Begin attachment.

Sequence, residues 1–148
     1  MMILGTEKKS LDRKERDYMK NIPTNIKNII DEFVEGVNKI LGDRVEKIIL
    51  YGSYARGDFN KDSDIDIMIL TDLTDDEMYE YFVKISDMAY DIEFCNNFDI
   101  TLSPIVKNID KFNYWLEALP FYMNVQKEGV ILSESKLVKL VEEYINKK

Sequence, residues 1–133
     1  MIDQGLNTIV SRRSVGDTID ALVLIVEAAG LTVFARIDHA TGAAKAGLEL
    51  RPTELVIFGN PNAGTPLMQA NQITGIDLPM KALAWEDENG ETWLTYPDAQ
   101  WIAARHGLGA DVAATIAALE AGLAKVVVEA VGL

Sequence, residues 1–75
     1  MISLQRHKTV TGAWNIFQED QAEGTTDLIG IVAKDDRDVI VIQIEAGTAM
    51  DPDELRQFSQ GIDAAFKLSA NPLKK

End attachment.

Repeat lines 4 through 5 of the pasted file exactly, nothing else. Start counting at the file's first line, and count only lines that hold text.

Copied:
   101  TLSPIVKNID KFNYWLEALP FYMNVQKEGV ILSESKLVKL VEEYINKK

Sequence, residues 1–133